Alcohol Awareness
How it Affects You: Your Body
Long-term Effects
Moderate and occasional use of alcohol in a healthy person is unlikely to cause health problems. The possible benefits of alcohol consumption have also been studied. One or two drinks a day has been shown to have a protective effect against heart disease, at least in men over the age of 40 years and postmenopausal women. Because heavy drinking is harmful to health and can lead to violence and accidents, encouraging alcohol consumption seems a poor preventive health measure. Safer alternatives include eating sensibly, exercising regularly, and quitting smoking.The harmful physical and psychological effects of long-term excessive use are many and can be fatal. (Women are more susceptible to these effects than are men.) They can result from the direct toxic effects of alcohol or be secondary to the lack of nutrition, use of other drugs, and other lifestyle factors.

The effects of long-term alcohol use on the various organs and tissues of the body depend on the amount consumed and the number of years excess drinking has occurred. Diet and health care also have an effect. People vary greatly in how much alcohol they can tolerate before physical damage occurs.
Alcohol is a carbohydrate with non-nutritional calories that quickly add up. It has so little in the way of nutrition and vitamins that it could never replace food in the human diet. When you abuse alcohol you tend to be undernourished - making your hair dry, giving you cracked lips, aggravating acne, making your eyes look glassy, and giving your skin a puffy, broken vein look. According to researchers, more than one or two drinks a week promotes aging.
Nervous system
Research findings show youth who drink can have a significant reduction in learning and memory. The brain goes through dynamic change during adolescence, and alcohol can seriously damage long- and short-term growth processes. Frontal lobe development and the refinement of pathways and connections continue until age 16, and a high rate of energy is used as the brain matures until age 20. Damage from alcohol at this time can be long-term and irreversible. In addition, short-term or moderate drinking impairs learning and memory far more in youth than adults. Adolescents need only drink half as much to suffer the same negative effects. Alcohol abuse can also seriously disrupt sleep and cause movement disorders, damage to peripheral nerves, and an increased risk of serious complications following head injury.

Gastrointestinal tract & Digestive system
Serious disease of the liver and pancreas, and damage to the stomach and intestines can result from excessive use of alcohol.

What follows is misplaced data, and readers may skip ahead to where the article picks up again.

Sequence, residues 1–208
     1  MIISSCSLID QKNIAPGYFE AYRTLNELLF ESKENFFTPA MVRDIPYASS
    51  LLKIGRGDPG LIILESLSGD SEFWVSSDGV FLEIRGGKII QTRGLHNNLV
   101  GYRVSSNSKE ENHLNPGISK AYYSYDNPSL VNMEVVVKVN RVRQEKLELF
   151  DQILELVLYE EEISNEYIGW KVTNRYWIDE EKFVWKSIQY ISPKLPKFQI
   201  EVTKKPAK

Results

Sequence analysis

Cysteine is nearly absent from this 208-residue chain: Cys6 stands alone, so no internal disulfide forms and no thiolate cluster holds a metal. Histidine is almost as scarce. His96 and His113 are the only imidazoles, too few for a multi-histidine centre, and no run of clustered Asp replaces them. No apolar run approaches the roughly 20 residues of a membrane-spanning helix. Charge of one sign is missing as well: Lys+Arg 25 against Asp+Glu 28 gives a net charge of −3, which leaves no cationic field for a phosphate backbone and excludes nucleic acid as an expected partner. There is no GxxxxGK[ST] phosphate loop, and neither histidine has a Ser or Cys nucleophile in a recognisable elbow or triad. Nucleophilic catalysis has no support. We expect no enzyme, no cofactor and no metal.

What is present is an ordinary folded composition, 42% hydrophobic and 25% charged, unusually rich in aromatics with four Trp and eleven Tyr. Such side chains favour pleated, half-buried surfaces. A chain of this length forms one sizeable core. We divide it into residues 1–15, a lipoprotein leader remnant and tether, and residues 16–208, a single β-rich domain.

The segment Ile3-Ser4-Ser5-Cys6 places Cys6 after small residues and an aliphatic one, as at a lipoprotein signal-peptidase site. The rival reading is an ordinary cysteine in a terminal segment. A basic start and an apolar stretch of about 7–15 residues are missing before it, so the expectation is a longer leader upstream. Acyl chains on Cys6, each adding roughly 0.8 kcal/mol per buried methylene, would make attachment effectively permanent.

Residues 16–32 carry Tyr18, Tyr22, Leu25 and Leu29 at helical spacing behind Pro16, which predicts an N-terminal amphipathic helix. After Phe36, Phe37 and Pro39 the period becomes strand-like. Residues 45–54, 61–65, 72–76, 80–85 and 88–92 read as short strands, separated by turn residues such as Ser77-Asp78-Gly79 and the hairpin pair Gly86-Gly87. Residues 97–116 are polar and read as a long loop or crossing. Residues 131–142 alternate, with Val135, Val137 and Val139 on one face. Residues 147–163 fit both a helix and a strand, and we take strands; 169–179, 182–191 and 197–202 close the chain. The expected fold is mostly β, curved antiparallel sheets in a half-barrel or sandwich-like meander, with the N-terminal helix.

Chronic alcohol abuse is the single most frequent cause of illness and death from liver disease. Fat builds up in the liver, blocking liver cells from functioning (detoxifying blood). Eventually scar tissue can develop and cirrhosis - an irreversible and fatal condition whereby liver tissue degenerates and dies. A severe bout of heavy drinking (alcoholic hepatitis) can also cause the death of liver cells.

Pancreatic disease and the onset of diabetes may occur. Alcohol's irritation of the stomach, increases acidity; this excess acid burns through the protective mucous lining causing ulcers on the stomach and intestinal walls. Bleeding from the stomach, from enlarged veins around the esophagus, diarrhea and malabsorption of food can all occur in heavy drinkers.
Cardiovascular system
Alcohol is linked to an increased risk of high blood pressure, abnormal heartbeat rhythms, deterioration of the heart muscle and heart disease. Anemia is common in people who abuse alcohol.
Reproductive system, other Hormonal and
Metabolic effects
In men, chronic ingestion of excess alcohol may lead to impotence, sterility, atrophy of the testes, and enlargement of the breasts. Early menopause and menstrual irregularities are common in women who drink excessively. Excess output of hormones from the adrenal gland can occur and low levels of sex hormones can lead to premature bone loss (osteoporosis). Acute alcohol abuse can cause low blood sugar, which is of particular concern for diabetic patients. Ketoacidosis, a condition where the blood in the body becomes too acidic, can also be caused by excess alcohol use.

Immune system and Cancer-producing effects
Depression of the immune system by chronic alcohol abuse results in a predisposition to infections such as pneumonia and tuberculosis, and to cancer. In addition, increased risk of infection could occur if loss of judgment and inhibitions during intoxication resulted in unsafe sexual practices and in drug users sharing needles.

Cancer of the throat, voice box (larynx), mouth and esophagus, and liver are most frequently associated with excessive use of alcohol. Less conclusive evidence of increased cancer exists for the stomach, large bowel, pancreas, lung, urinary tract, and breast.

Last Updated: January 11,2005

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